Alternative prescribing strategies for respiratory tract infections
Each year one in four people visits their GP because of an acute respiratory tract infection (RTI). Treatment for RTIs accounts for 60% of all antibiotic prescribing in general practice. Yet the clinical evidence is that antibiotics have limited effectiveness in many of these cases and that complications are rare among people who are not prescribed antibiotics to treat the infection.
In July 2008, NICE published a short clinical guideline recommending alternative prescription strategies for people presenting with RTI in primary care and other first-contact centres such as emergency departments and walk-in centres.
Good practice starts with a clinical assessment to diagnose and exclude complications. Some patients, such as children aged under 2 years with acute infections in both ears and older people who have other pre-existing health conditions, should receive an immediate antibiotic prescription.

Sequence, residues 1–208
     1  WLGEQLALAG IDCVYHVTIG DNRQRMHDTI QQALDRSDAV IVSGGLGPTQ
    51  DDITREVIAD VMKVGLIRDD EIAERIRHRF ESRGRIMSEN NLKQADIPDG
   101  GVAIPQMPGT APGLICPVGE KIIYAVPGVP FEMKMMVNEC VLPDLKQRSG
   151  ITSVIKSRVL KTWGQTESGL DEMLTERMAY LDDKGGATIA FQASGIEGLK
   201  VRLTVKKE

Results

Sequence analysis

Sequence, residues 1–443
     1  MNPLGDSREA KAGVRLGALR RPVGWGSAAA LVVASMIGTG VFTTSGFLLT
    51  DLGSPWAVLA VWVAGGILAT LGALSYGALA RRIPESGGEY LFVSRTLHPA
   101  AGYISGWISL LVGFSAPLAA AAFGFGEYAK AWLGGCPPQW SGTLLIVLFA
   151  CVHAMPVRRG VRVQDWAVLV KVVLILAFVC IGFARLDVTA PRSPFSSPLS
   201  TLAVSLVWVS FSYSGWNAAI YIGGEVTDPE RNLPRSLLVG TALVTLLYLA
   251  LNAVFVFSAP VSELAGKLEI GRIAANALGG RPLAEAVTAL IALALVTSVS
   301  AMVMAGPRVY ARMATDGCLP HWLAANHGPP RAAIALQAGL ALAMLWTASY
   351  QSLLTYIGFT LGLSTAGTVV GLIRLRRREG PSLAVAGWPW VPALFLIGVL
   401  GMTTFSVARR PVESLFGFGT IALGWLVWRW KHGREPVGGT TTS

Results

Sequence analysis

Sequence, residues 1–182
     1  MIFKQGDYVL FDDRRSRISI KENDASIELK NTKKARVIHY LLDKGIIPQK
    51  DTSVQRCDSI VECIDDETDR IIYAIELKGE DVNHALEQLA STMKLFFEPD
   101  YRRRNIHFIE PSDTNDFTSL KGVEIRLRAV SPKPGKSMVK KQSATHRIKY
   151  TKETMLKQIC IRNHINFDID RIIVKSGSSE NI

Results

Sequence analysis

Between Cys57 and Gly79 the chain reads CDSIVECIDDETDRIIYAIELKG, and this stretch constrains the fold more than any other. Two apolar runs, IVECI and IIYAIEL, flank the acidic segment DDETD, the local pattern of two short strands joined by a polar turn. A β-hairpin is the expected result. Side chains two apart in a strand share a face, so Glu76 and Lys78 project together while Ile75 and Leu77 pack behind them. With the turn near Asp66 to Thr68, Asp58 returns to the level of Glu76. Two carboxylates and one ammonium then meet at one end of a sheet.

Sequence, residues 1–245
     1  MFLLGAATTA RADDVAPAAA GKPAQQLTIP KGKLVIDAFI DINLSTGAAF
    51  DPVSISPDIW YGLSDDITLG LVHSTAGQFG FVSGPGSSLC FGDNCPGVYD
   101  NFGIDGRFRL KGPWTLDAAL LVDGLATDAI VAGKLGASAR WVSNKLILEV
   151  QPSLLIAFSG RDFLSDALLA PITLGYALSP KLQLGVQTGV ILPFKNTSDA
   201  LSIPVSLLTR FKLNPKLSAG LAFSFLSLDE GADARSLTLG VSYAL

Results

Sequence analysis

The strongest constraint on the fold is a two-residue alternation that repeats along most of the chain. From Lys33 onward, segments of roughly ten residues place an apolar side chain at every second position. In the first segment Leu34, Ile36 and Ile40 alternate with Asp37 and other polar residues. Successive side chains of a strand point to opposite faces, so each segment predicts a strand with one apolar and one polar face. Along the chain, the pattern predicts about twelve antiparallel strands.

But where the evidence shows that antibiotics will make little difference, patients should not be prescribed them or they should be given a prescription to keep and use only if the symptoms worsen. GPs should always explain the options and reasons behind their decision.
Anne Joshua, Associate Director of Pharmacy at NHS Direct and guideline development group member, said: "This short clinical guideline brings together everything we know on targeting antibiotics to those who really need them. It sets out very clearly the information that should be provided by healthcare professionals when they are assessing children and adults presenting with RTI symptoms in order to reassure them that they are receiving the most effective course of treatment, based on the most up-to-date evidence."
This page was last updated: 10 August 2009